Camp Erin® creates a safe environment where kids can cope with grief

This camp connects children and teenagers who have lost a loved one.

Camp Erin

Last month, Fairview partnered with The Moyer Foundation to offer Camp Erin - Twin Cities for children and teenagers who have lost a loved one. Campers had a weekend full of sharing, learning, listening and remembering with their peers.

What is Camp Erin?

Camp Erin is an annual bereavement camp free of charge for children ages 6-17 who have experienced the death of a family member or friend. It combines the excitement of camp with time to learn about grief and connect with other kids who have experienced loss.

"One of the goals of Camp Erin is to connect children and teens with each other to reduce feelings of isolation and offer hope, healing and connection among peers who know what it means to have a significant loved one die," says Katie Eisold, Fairview Youth Grief Services program coordinator.

This camp allows youth to cope with grief in healthy ways, meet others who have experienced similar circumstances, honor lost loved ones and tell their story in a safe environment.

“Camp Erin helped me realize that it’s okay to be sad, angry and scared. But, it is also okay to be happy and have fun,” says Chloe, 8, former Camp Erin participant.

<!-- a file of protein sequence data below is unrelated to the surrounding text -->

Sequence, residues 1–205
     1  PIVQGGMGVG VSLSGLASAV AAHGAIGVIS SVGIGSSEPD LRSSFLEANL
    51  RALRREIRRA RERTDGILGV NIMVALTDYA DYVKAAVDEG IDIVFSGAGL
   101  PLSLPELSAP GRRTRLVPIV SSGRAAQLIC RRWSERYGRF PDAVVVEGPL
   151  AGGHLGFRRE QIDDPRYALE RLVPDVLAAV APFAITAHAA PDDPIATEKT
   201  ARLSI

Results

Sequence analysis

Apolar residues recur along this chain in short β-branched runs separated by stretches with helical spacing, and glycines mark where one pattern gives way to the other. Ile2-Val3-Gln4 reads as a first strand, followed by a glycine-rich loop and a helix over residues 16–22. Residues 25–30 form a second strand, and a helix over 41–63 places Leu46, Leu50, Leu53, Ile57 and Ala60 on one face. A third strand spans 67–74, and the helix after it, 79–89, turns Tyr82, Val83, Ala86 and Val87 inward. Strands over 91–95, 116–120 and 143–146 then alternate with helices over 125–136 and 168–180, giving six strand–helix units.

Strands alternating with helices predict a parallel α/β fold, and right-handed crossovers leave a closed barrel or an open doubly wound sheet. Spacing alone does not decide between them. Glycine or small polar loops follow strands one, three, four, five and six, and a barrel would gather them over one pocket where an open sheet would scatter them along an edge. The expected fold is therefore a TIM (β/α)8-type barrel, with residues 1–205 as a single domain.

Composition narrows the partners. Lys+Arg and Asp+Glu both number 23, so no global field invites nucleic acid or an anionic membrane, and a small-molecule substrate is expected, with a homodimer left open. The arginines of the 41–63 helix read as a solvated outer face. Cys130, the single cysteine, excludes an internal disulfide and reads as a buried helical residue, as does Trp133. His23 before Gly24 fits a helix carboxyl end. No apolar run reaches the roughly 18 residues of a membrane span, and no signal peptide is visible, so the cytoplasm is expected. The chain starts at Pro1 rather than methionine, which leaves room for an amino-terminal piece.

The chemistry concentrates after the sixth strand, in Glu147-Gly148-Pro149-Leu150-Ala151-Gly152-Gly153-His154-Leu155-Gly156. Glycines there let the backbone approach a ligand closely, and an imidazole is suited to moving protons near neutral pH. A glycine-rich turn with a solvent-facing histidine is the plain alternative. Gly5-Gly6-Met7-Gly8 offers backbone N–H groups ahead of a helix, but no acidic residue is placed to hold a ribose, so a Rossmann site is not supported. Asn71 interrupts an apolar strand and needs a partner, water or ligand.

Same camp activities, but with a deeper meaning

Camp Erin Camper and CounselorAlthough Camp Erin is designed to help children process grief, volunteers make sure the children have fun like at any other summer camp. Campers get to climb rock walls, canoe, swim, fish, eat s'mores and much more throughout the weekend.

"It's important to provide campers with an opportunity to talk about their loved one, share their stories and find ways to heal in a safe and supportive environment," says Katie. "By providing fun camp activities, along with remembrance rituals like creating a memory board full of loved ones’ photos and holding a luminary ceremony, we recognize their grief and have lots of fun."

Camp activities merged with grief education and emotional support create an open, understanding environment where campers can confide in one another.

“Camp Erin helped me because I know I am not alone and we can all get through this together. Everyone has a different way of grieving and there is no right or wrong way,” says Alex, 15, former Camp Erin participant.

Camp Erin is the largest network of bereavement camps in the country. The Moyer Foundation, the Randy Shaver Cancer Research and Community Fund, the Richard M. Schulze Family Foundation, Eaton and generous support from Fairview employees, volunteers and donors make this camp possible. Offering this camp and ensuring it is free of charge is one of the ways Fairview is driving a healthier future.

Discover how you can help Fairview's Youth Grief Services and Camp Erin-Twin Cities.

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